×
Paraguay

Paraguay Economy Stats

Overview:

Landlocked Paraguay has a market economy distinguished by a large informal sector, featuring re-export of imported consumer goods to neighboring countries, as well as the activities of thousands of microenterprises and urban street vendors. A large percentage of the population, especially in rural areas, derives its living from agricultural activity, often on a subsistence basis. Because of the importance of the informal sector, accurate economic measures are difficult to obtain. On a per capita basis, real income has stagnated at 1980 levels. The economy grew rapidly between 2003 and 2008 as growing world demand for commodities combined with high prices and favorable weather to support Paraguay's commodity-based export expansion. Paraguay is the sixth largest soy producer in the world. Drought hit in 2008, reducing agricultural exports and slowing the economy even before the onset of the global recession. The economy fell 3.8% in 2009, as lower world demand and commodity prices caused exports to contract. The government reacted by introducing fiscal and monetary stimulus packages. Growth resumed at a 6.5% level in 2010. Political uncertainty, corruption, limited progress on structural reform, and deficient infrastructure are the main obstacles to growth.

Definitions

  • Budget > Revenues: Revenues calculated on an exchange rate basis, i.e., not in purchasing power parity (PPP) terms
  • Exports: This entry provides the total US dollar amount of merchandise exports on an f.o.b. (free on board) basis. These figures are calculated on an exchange rate basis, i.e., not in purchasing power parity (PPP) terms.
  • Fiscal year: The beginning and ending months for a country's accounting period of 12 months, which often is the calendar year but which may begin in any month. All yearly references are for the calendar year (CY) unless indicated as a noncalendar fiscal year (FY).
  • GDP: GDP at purchaser's prices is the sum of gross value added by all resident producers in the economy plus any product taxes and minus any subsidies not included in the value of the products. It is calculated without making deductions for depreciation of fabricated assets or for depletion and degradation of natural resources. Data are in current U.S. dollars. Dollar figures for GDP are converted from domestic currencies using single year official exchange rates. For a few countries where the official exchange rate does not reflect the rate effectively applied to actual foreign exchange transactions, an alternative conversion factor is used.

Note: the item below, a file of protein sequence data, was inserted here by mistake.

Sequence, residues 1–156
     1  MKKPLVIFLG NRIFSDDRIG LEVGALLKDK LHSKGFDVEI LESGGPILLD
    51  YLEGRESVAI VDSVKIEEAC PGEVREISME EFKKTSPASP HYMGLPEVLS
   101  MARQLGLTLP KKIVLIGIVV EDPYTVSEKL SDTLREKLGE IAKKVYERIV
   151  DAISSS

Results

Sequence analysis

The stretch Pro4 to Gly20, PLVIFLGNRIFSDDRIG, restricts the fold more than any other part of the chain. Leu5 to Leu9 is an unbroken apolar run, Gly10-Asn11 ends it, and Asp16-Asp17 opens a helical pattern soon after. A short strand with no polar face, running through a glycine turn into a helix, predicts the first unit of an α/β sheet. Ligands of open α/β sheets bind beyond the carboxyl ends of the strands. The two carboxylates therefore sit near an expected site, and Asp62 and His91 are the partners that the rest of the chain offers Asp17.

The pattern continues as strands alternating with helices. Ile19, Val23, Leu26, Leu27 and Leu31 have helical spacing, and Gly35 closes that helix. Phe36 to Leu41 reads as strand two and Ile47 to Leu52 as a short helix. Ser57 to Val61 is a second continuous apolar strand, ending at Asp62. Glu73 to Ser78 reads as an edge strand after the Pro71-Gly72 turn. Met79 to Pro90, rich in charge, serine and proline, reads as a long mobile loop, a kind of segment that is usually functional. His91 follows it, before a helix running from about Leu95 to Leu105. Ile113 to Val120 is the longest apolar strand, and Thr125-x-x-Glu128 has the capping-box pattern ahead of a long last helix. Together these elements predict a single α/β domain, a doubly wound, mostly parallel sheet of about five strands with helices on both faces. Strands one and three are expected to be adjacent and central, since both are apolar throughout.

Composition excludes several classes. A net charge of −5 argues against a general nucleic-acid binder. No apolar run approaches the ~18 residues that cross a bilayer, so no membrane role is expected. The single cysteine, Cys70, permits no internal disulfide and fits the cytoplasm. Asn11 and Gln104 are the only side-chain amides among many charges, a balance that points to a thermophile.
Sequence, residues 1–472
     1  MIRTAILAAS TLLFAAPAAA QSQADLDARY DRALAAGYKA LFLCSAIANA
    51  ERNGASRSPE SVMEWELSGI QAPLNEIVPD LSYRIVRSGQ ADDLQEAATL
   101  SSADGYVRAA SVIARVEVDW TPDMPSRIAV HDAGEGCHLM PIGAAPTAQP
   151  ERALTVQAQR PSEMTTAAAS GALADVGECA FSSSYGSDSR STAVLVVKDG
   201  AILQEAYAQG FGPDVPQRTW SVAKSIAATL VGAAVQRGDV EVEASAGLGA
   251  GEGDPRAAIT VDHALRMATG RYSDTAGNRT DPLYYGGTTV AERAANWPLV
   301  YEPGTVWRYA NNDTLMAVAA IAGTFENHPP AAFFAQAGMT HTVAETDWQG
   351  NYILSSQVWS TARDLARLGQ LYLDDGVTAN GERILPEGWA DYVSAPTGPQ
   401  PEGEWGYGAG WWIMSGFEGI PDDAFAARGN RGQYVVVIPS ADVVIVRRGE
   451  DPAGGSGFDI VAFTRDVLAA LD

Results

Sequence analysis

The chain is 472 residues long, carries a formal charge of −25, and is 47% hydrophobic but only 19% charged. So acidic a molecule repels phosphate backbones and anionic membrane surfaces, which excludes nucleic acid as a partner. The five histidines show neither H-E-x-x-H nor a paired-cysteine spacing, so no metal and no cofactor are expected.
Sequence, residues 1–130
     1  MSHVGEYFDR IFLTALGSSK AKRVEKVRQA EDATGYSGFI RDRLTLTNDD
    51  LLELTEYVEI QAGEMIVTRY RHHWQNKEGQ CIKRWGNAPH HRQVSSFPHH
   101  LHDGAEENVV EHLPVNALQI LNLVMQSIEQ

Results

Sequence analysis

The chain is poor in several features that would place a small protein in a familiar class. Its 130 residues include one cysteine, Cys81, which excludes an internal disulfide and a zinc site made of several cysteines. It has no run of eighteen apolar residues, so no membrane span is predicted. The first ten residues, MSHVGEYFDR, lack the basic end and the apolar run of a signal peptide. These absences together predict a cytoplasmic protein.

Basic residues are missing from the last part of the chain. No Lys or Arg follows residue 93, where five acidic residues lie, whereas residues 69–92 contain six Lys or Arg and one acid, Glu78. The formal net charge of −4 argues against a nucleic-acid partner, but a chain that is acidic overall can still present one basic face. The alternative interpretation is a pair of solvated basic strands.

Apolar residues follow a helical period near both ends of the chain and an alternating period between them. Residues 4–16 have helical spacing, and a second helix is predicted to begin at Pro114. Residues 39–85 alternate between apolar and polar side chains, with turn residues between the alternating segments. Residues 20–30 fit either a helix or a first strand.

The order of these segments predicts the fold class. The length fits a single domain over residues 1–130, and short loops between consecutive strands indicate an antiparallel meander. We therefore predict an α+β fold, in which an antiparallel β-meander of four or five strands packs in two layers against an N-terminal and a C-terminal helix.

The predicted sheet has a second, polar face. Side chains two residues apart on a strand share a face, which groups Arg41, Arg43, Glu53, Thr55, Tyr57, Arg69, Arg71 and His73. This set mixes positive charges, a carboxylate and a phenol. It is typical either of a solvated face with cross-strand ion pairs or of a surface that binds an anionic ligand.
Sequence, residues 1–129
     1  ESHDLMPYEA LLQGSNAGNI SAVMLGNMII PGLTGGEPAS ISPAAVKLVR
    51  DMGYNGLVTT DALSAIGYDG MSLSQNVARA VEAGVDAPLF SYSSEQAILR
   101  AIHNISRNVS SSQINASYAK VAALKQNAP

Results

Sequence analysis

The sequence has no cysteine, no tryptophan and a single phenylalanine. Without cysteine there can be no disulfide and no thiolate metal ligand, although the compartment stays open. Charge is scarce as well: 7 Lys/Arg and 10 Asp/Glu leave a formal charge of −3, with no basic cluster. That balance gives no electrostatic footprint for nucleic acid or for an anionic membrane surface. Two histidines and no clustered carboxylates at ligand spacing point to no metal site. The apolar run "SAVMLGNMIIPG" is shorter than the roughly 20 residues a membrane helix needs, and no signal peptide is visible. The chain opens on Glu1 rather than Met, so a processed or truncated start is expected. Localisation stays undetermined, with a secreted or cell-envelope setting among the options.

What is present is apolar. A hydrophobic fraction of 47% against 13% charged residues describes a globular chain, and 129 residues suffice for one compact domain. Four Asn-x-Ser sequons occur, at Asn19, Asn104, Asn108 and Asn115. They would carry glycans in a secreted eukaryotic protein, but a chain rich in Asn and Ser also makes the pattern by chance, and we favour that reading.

• GDP > Composition by sector > Industry: The gross domestic product (GDP) or value of all final goods produced by the industrial sector within a nation in a given year. GDP dollar estimates in the Factbook are derived from purchasing power parity (PPP) calculations. See the CIA World Factbook for more information.
  • GDP > Per capita: This entry gives the gross domestic product (GDP) or value of all final goods and services produced within a nation in a given year. A nation's GDP at purchasing power parity (PPP) exchange rates is the sum value of all goods and services produced in the country valued at prices prevailing in the United States. This is the measure most economists prefer when looking at per-capita welfare and when comparing living conditions or use of resources across countries. The measure is difficult to compute, as a US dollar value has to be assigned to all goods and services in the country regardless of whether these goods and services have a direct equivalent in the United States (for example, the value of an ox-cart or non-US military equipment); as a result, PPP estimates for some countries are based on a small and sometimes different set of goods and services. In addition, many countries do not formally participate in the World Bank's PPP project that calculates these measures, so the resulting GDP estimates for these countries may lack precision. For many developing countries, PPP-based GDP measures are multiples of the official exchange rate (OER) measure. The difference between the OER- and PPP-denominated GDP values for most of the weathly industrialized countries are generally much smaller. Per capita figures expressed per 1 population.